It is my deepest wish, one day, to open a gelatería.
I have harbored this hope for as long as I can remember. There have been defining moments, of course, when the dream has deepened: the first sip of my father's weekly chocolate milkshakes, the days I spent walking across Madrid from heladería to heladería in search of the perfect scoop, my summer as the ice cream girl sneaking Moose Tracks at Mac's Seafood.
But in my mind, the life of the shop has always remained a constant. It will be open summers only, from Memorial Day to Labor Day in the heat of the sun and the cool, hazy calm of evening. It will be surrounded by wire tables, carefully divided between sun and shade. Most importantly, it will be all about fruit.
The offerings will change with the seasons, ranging from gelatos to ice creams to sherbets to sorbets. Opening week will bring rhubarb, June strawberry, July blueberry, and August a medley of watermelon-raspberry. This week, it would be blackberry.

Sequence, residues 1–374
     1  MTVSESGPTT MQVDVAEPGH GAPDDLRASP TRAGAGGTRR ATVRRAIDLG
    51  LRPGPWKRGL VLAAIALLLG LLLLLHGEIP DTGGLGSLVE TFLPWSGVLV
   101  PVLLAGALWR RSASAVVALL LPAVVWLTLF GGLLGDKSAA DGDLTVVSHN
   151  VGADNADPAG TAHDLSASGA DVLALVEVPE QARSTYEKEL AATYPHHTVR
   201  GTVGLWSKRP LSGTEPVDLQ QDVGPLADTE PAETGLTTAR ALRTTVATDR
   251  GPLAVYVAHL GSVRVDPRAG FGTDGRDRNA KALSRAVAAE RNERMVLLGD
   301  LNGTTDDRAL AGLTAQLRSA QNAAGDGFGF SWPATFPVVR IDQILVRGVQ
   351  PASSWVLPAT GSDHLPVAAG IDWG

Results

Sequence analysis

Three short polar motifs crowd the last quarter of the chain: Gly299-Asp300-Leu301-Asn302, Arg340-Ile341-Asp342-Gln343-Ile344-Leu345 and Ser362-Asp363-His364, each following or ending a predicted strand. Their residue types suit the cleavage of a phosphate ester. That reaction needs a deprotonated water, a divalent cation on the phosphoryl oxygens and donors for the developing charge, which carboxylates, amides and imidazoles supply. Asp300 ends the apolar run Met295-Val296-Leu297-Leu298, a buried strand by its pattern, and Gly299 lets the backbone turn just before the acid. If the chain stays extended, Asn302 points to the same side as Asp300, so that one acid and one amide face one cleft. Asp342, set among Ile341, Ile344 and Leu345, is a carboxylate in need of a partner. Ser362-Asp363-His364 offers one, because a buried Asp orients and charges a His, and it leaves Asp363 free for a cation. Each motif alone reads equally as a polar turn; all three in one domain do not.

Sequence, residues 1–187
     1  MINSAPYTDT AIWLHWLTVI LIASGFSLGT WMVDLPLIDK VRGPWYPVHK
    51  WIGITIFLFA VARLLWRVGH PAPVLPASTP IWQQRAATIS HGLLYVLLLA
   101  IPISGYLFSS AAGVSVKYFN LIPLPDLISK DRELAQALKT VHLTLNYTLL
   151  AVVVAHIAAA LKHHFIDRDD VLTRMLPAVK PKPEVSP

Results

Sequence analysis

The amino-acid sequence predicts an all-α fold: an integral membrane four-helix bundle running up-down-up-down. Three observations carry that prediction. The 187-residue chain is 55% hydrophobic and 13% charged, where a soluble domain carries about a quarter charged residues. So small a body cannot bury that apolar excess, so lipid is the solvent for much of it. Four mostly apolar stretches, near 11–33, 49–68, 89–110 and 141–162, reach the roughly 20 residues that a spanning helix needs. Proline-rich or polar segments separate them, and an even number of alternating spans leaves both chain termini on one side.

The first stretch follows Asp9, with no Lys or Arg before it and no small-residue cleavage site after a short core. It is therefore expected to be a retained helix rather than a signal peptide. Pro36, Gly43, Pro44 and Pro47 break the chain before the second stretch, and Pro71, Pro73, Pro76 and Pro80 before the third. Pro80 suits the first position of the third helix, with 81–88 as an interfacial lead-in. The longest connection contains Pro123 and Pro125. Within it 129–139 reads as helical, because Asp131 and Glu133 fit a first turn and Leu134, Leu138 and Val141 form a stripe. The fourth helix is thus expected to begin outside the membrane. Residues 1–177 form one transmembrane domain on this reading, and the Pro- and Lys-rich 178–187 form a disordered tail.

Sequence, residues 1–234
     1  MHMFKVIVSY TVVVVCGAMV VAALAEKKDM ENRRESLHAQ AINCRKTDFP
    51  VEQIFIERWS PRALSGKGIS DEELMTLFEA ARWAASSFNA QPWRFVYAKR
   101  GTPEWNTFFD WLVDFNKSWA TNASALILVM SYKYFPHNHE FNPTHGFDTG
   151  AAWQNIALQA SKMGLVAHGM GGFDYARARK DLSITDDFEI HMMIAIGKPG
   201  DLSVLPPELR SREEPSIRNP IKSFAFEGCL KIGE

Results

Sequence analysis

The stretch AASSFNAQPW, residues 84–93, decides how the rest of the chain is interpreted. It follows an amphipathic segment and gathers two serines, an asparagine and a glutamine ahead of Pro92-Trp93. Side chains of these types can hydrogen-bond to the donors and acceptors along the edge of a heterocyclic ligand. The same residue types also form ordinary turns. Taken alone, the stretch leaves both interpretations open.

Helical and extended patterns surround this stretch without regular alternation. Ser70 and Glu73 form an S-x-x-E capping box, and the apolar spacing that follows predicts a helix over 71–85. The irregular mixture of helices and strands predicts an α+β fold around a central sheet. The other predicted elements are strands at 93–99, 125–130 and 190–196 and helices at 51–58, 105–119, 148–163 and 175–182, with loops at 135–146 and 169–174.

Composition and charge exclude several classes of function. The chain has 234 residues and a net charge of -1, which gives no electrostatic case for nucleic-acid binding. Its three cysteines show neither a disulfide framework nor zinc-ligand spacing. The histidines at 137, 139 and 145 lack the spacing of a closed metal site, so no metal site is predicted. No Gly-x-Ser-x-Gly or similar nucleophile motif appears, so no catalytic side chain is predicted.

The blackberries near the marsh are in full swing now. They've ripened and deepened and the paths into the briars are well worn and beaten. Just the other day, I picked a gallon—a whole gallon!—in under a half hour. I mashed them up with a heap of sugar, poured in a splash of buttermilk, and let the ice cream machine do the rest. Seeds and cream churned into a deep violet perfection, and I could almost picture the first sold scoop.
Maybe next year.
BUTTERMILK BLACKBERRY SHERBET
Makes 2 quarts
In a large bowl, pour 2 cups of sugar over 4 cups of blackberries. Let stand 30 minutes, or until blackberries begin to juice. Add 2 cups buttermilk or sour milk, and mix well in a blender. Pour into ice cream machine and churn according to manufacturers instructions.
If you don’t have an ice cream machine, put the mixture into a 9-inch square pan, cover, and freeze for 8 hours. Break frozen mixture into chunks and beat in a blender until smooth. Return to the pan, cover and freeze 3 hours or until firm.